Science News-- Health February 12, 2023: Can coffee with milk reduce human inflammation?
A Copenhagen University study suggests so.
Proteins and antioxidants double immune cell anti-inflammatory properties. Researchers hope to study human health effects.
"In the study, we show that as a polyphenol reacts with an amino acid, its inhibitory effect on inflammation in immune cells is enhanced. As such, it is clearly imaginable that this cocktail could also have a beneficial effect on inflammation in humans. We will now investigate further, initially in animals. After that, we hope to receive research funding which will allow us to study the effect in humans," says Professor Marianne Nissen Lund from the Department of Food Science, who headed the study.
The study has just been published in the Journal of Agricultural and Food Chemistry.
Our immune systems use white blood cells and chemicals to fight bacteria, viruses, and other invaders. Inflammation, or overloading tendons and muscles, is typical of diseases like rheumatoid arthritis.
Anti-inflammatory twice as effective
Researchers artificially inflamed immune cells to test the anti-inflammatory effects of polyphenols and proteins. Some cells received different doses of polyphenols that had reacted with amino acids, while others received the same doses. Controls received nothing.
Immune cells treated with polyphenols and amino acids were twice as effective at fighting inflammation as those treated with polyphenols alone.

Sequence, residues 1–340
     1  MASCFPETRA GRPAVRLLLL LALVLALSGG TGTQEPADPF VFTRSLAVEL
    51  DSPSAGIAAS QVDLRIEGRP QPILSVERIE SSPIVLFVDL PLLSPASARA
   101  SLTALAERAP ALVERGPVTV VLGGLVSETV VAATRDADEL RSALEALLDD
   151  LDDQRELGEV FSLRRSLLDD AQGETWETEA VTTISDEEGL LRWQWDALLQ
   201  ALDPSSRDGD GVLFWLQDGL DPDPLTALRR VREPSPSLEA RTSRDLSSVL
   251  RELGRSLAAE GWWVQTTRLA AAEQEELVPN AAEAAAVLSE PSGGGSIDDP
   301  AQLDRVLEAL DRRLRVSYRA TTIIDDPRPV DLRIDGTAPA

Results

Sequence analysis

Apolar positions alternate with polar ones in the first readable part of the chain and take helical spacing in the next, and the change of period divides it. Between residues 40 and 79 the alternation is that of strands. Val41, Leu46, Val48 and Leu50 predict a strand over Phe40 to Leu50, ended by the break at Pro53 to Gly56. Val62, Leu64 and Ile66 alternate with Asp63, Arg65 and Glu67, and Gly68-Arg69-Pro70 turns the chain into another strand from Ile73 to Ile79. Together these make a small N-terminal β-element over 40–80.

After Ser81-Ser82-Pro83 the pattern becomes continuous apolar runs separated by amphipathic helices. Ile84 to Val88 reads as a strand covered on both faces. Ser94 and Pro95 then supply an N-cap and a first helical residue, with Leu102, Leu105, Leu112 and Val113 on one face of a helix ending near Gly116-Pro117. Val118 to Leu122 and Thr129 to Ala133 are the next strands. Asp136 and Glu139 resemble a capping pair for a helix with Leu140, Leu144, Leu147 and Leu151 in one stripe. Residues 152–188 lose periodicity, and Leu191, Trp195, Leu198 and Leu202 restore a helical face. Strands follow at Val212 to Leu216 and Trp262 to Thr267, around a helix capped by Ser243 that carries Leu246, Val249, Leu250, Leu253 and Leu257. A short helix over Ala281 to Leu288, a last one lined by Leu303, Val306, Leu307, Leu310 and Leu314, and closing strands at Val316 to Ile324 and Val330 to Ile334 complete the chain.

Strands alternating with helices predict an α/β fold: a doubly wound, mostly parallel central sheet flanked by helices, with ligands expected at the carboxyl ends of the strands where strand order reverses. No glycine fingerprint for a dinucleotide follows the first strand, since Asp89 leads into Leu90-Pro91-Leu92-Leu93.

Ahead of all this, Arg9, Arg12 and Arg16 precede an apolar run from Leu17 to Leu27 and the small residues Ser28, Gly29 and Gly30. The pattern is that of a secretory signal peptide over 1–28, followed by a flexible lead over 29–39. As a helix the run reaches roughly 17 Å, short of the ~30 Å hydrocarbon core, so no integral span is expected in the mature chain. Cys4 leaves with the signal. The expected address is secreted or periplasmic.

It is interesting to have now observed the anti-inflammatory effect in cell experiments. And obviously, this has only made us more interested in understanding these health effects in greater detail. So, the next step will be to study the effects in animals," says Associate Professor Andrew Williams of the Department of Veterinary and Animal Sciences at the Faculty of Health and Medical Sciences, who is also senior author of the study.
In coffee with milk.
Polyphenols bind to proteins in meat, milk, and beer, according to previous research. Another study examined whether the molecules bind in a coffee drink with milk. Coffee beans have polyphenols and milk has proteins.
"Our result demonstrates that the reaction between polyphenols and proteins also happens in some of the coffee drinks with milk that we studied. In fact, the reaction happens so quickly that it has been difficult to avoid in any of the foods that we've studied so far," says Marianne Nissen Lund.
Polyphenols' benefits are recognized by industry and research. Thus, they are determining how much polyphenols to add to foods for optimal quality. New research is promising in this regard:
"Because humans do not absorb that much polyphenol, many researchers are studying how to encapsulate polyphenols in protein structures which improve their absorption in the body. This strategy has the added advantage of enhancing the anti-inflammatory effects of polyphenols," explains Marianne Nissen Lund.
The research is funded by Independent Research Fund Denmark and conducted in collaboration with the Technical University of Dresden in Germany.
Polyphenols are a group of naturally occurring antioxidants important for humans.
They prevent and delay the oxidation of healthy chemical substances and organs in our bodies, thereby protecting them from damage or destruction.
Polyphenols are found in a variety of fruits and vegetables, tea, coffee, red wine and beer.
Due to their antioxidant properties, polyphenols are used in the food industry to minimize the oxidation of fats in particular, as well as the quality deterioration of foods, to avoid off flavours and rancidity.
Materials provided by University of Copenhagen - Faculty of Science.
"Coffee with milk may have an anti-inflammatory effect." ScienceDaily. ScienceDaily, 30 January 2023.
WNCTIMES by Marjorie Farrington